Pretty Paths

The red door has much symbolism in differing cultures. It can mean luck in China, prosperity in Feng Shui, and in Colonial America, that the owners are welcoming individuals. It also can mean status. Well, I choose to use the welcoming meaning from our forefathers, although the other meanings are quite nice as well.

For Garden Walk Buffalo, the welcome mats were laid out and the entries made inviting. Over 50,000 guests were invited into intimate garden spaces, up beautifully enchanting garden paths, leading you through and into the picture perfect gardens. What is interesting and important in architecture and garden design is not only the destination, but the gateway and journey. Garden paths can be on a grand and elegant scale or be narrow, dimly lit corridors that break open to light and color. Surprise is one element inherent to good path design.

Punctuated by arbors and gates, paths set the stage for the drama or serenity to unveil. They can end at a focal point, create an axis or lead to no where in particular. But they invite and illicit curiosity, non the less.

Paths provide a variety of functions. They lead, they structure, they delight. Many materials can be used and that is usually dependant on the style and character of the home and garden.

Paths are psychological as well. They invite an innate or child-like desire to explore. They can cause the viewer to slow down or speed up, stop or linger. The use of certain materials or path design can cause the viewer to look at the ground more often, contemplating every step. They can give a sense of formality or old rustic charm. You feel different in a space by how and where the path leads, is used or created.

The above image is a path to nowhere in particular. The image to the right is a very narrow path that is heavily landscaped and accessorized. How would both paths make you feel? Would the top one make you want to know where it goes? The arbor reinforces that sense of wonder. The narrow path so full with foliage and color invites you to see if the path leads to a greater experience.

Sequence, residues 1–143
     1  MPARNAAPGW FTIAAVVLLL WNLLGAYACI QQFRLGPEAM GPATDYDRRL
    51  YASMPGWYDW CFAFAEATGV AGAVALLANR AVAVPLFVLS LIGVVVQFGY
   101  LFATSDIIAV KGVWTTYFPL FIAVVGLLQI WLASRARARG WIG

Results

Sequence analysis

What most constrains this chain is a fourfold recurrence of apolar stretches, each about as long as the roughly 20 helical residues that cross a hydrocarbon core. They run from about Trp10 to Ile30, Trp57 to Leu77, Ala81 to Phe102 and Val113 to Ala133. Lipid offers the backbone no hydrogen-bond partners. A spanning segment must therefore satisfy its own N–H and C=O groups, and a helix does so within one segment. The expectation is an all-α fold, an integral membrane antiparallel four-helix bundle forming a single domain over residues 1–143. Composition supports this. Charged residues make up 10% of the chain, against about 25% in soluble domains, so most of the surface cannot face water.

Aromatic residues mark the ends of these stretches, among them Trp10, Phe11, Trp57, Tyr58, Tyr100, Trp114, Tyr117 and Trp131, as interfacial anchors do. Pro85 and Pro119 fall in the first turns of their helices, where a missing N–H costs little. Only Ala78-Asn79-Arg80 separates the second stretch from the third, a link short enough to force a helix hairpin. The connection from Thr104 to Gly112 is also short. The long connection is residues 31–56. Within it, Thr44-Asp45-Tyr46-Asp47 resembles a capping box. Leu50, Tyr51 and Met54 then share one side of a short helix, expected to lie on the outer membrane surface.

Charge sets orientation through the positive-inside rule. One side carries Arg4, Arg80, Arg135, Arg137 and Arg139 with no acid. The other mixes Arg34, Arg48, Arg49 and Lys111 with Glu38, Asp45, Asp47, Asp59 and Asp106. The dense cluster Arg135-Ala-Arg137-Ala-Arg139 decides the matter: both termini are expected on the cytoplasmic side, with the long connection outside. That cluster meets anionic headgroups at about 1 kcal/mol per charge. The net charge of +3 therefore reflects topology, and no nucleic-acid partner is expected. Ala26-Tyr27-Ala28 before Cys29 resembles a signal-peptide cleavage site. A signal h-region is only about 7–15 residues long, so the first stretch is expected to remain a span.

Material changes also serve to change the pace of travel or indicate a change of mood, like above. Materials also can compliment the architecture and use of planting as is seen here.

Sometimes change of material is necessary if you need to alert the traveler. It can signify a change in direction or alert to a hazard. The texture of a path also determines how a path is used. Gravel makes a sound when tread upon. It also slows travel. It can create a sense of casual relaxation, like might be experienced at the beach.

Paths can be long or can be short. This path above is very short, but is very well articulated. It ends in a very beautiful use of color and appointment. Some paths are virtually unseen, creating and reinforcing a sense of mystery.

Other paths use soft materials under foot that suits the carefree and varied plantings.

Paths can curve and disappear.

They can be straight and direct.

Depending on how circulation is determined by the path, the mood of the journey is much different to the viewer. What they see along the way is greatly changed. Curving paths are more informal and allow visitors to meander and see more of the garden. Straight paths can lead directly to the desired destination.

The image below shows how a tree can be trained into an arbor. The arbor signals the beginning of the path into the property. Such a unique touch.

Guess who got sunburned today.

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About Garden Walk Garden Talk

I love to photograph, paint, draw, design, garden, travel the world, and pass on a few tips and ideas that I learned through experience as a Master Gardener and architect. I am highly trained in my field and enjoy my work each and every day. I garden in Niagara Falls, NY in zone 6-B. Find me at: http://gardenwalkgardentalk.com
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1 Response to Pretty Paths

  1. daria says:

    Your posts have been wonderful and informative. Please give more information about you and your garden! I liked the post on porches, and am waiting for you to post on your porch design.

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